I must point out that there is another, already existing, term that conveys the same content in an equally nonsexist manner: “fabric artist.” Admittedly, it does have the drawback of being two words and four syllables, which is difficult for speakers to handle in this fast-paced modern world. But the term also conveys the idea of someone skilled in making beautiful things (as well as useful ones) in a way that “sewist” just doesn’t.

The next candidate for Worst New Word is “sanism,” which I thought at first was shorthand (or a mistyping) of “satanism.” After reading further in the passage, I realized that “sanism” was one of the many “-ism” words that refer to offensive, discriminatory practices – like ageism, sexism, lookism (not kidding), racism, colorism (which is different from racism), ableism, and the like.

“Sanism” refers to the oppressive dominance of sanity, over what or whom, I’m still trying to determine. Surely not insanity, which is, these days, a legal term (not guilty by reason of) and not one that should be used to refer to people with mental health issues. Perhaps it refers to the presumption that everyone is sane until proven otherwise, which sounds to me like another class (sorry not sorry) of privilege.

Perusing Merriam-Webster’s words that were added to the dictionary in 2021, one comes across “copypasta” (which does not refer to stealing recipes); “teraflop” (which is not an unsuccessful dinosaur); “halotherapy” (which is not a religious term); “hard pass” (which is not a football term); and “gig worker” (which is not someone who spears frogs).

Of course, none of these may catch on the way “truthiness” did after it was introduced on The Stephen Colbert Show. It was just so darn useful, and resonated with those observing the political scene in 2020, when M-W noticed the word.

One other word that has been resurrected this year, though not with its previous meaning, is “oobleck.” This, of course, was coined by the illustrious Dr. Seuss (one of my first (and still) all-time favorite authors) in Bartholomew and the Oobleck, where it referred to a kind of goopy green snow. Now it means a substance made from cornstarch and water that behaves like a solid at times and like a liquid at others.

Personally, I approve. I think Dr. Seuss would have been proud. Or chuffed, if he were British.

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When You Have the Flu: Some Unsolicited Advice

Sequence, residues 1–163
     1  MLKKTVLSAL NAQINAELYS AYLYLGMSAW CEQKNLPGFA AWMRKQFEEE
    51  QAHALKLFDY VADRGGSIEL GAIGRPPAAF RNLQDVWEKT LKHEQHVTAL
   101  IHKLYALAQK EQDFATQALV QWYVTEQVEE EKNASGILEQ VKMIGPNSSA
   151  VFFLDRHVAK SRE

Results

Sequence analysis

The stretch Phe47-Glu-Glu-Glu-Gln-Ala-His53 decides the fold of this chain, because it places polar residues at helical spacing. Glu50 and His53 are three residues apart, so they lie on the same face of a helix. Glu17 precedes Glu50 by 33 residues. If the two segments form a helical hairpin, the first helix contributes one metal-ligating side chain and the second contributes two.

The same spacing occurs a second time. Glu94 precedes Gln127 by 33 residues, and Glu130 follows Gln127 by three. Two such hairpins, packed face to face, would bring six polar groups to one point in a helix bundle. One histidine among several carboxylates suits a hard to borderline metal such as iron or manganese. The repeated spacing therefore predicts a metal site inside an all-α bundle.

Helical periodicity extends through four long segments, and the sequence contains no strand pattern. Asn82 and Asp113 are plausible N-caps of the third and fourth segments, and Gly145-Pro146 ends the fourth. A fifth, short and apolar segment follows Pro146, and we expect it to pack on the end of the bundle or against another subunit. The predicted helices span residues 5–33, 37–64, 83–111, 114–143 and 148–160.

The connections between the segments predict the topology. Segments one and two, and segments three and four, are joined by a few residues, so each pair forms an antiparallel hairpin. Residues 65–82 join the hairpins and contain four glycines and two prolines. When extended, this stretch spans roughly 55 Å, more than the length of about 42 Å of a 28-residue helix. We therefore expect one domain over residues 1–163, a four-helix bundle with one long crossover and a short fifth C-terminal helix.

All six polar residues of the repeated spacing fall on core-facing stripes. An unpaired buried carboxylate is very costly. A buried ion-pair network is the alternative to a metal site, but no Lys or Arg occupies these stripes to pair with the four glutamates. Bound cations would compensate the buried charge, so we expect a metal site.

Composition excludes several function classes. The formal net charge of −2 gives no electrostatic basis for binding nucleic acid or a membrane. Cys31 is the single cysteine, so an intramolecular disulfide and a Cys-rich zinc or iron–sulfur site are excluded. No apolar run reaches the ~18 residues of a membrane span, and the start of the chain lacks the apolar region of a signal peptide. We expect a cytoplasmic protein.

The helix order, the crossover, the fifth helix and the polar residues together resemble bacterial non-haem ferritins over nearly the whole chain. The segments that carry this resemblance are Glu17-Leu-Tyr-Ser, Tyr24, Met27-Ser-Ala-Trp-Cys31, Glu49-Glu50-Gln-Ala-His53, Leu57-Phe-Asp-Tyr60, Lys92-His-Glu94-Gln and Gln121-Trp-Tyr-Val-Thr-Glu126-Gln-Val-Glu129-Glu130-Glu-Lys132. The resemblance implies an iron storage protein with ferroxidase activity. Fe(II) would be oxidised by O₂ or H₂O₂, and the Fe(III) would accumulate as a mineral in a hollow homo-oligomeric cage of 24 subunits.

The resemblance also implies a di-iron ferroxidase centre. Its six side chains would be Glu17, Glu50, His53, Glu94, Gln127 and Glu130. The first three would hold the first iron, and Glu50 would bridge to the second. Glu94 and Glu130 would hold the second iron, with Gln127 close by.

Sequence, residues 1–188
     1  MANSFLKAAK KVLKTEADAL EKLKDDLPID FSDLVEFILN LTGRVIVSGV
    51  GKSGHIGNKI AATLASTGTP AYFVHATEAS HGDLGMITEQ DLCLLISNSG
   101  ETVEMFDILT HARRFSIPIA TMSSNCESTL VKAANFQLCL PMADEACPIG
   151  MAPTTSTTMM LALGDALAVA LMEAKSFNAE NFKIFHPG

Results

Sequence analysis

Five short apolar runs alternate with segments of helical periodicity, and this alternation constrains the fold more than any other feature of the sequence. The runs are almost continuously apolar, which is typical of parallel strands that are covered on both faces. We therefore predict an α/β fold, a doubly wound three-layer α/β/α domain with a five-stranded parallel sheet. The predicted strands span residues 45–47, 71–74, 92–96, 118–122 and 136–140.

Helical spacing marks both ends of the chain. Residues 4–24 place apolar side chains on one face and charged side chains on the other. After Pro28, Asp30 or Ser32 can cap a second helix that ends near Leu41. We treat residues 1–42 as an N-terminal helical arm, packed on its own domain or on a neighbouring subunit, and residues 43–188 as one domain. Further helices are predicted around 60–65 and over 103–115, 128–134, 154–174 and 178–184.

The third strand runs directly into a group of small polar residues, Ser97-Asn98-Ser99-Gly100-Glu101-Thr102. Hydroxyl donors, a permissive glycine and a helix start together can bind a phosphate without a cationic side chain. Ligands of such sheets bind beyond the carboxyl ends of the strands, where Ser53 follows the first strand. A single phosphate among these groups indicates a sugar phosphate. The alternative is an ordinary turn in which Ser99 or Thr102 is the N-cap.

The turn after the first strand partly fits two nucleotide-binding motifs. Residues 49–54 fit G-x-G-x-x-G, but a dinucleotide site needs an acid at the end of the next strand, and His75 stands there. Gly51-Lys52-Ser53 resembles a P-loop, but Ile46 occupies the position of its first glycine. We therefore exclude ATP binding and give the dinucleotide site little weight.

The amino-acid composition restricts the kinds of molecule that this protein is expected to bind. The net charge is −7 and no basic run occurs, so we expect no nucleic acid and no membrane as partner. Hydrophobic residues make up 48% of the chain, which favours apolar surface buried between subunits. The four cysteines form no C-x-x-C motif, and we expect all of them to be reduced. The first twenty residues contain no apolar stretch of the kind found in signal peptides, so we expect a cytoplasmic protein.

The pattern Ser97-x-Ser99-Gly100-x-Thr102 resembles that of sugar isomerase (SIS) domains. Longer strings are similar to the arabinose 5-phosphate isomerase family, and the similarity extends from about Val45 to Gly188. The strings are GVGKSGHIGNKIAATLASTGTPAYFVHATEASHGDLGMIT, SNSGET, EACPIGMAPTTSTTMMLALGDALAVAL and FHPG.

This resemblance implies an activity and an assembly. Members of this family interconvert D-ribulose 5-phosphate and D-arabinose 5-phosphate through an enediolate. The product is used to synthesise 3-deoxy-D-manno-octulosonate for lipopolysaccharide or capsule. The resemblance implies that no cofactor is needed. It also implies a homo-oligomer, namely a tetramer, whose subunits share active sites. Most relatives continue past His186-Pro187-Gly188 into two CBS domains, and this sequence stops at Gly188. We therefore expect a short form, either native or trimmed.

I first posted a version of this almost exactly four years ago. I’m revisiting it now because…well, you can probably guess.

Say you’ve got a touch of the flu. Keep far away from me – you feel awful and I don’t want to feel awful too. I know you don’t want visitors, but here I am, and at least I’ve brought a gift: a few suggestions for entertaining things you can do while you suffer in peace and quiet, except for, you know, the coughing and sneezing and assorted other noises you’re making. Relative peace and quiet, if you know what I mean.

Drink tea. It really doesn’t matter what kind, since you can’t smell it anyway. Earl Grey will smell just like jasmine. Peppermint and English Breakfast, the same. And if you want to, you can use any variety as the base for my father’s restorative tonic, which consists of tea, bourbon, and horehound candy (tea optional), or boring old lemon and honey, if you insist, though my father would not approve.

Cuddle large, fuzzy cats. Do this even if you’re allergic to them. You’re already sneezing as much as humanly possible, so you have nothing to fear from dander. Bonus: A large, fluffy cat makes an excellent substitute for a heating pad or hot water bottle.

Read. Or pretend to. Actual reading may distract you from how miserable you are (unless you’re reading Les Miserables). Pretend-reading will encourage people to keep their voices low, plus it doesn’t matter if you fall asleep with the book elegantly displayed on your chest. (Make sure it has a classy dustjacket, even if the book inside is Fifty Shades of Gray, which I don’t recommend, unless it’s for pretend-reading. It can lead to barfing, which may be in your future anyway.)

Eat chicken soup. Tell everyone that you need it for the fluids and the electrolytes, which is true. Egg drop soup is an especially good variety – if you can’t convince someone in your household to make it and bring it to you, you can always convince the Chinese take-out down the street to do it. Nibble saltines daintily, or the little fried things that look like Chinese tortilla strips.

Hit the Nyquil. I don’t mean the non-drowsy kind – sleep through as much of the illness as possible. Warning: Do not mix Nyquil with Southern Comfort or the bourbon-horehound mixture (see above). You’ll barf and you may be doing that already. Also, don’t mix Nyquil with cough syrup, which can cause unintended psychedelic effects and more barfing.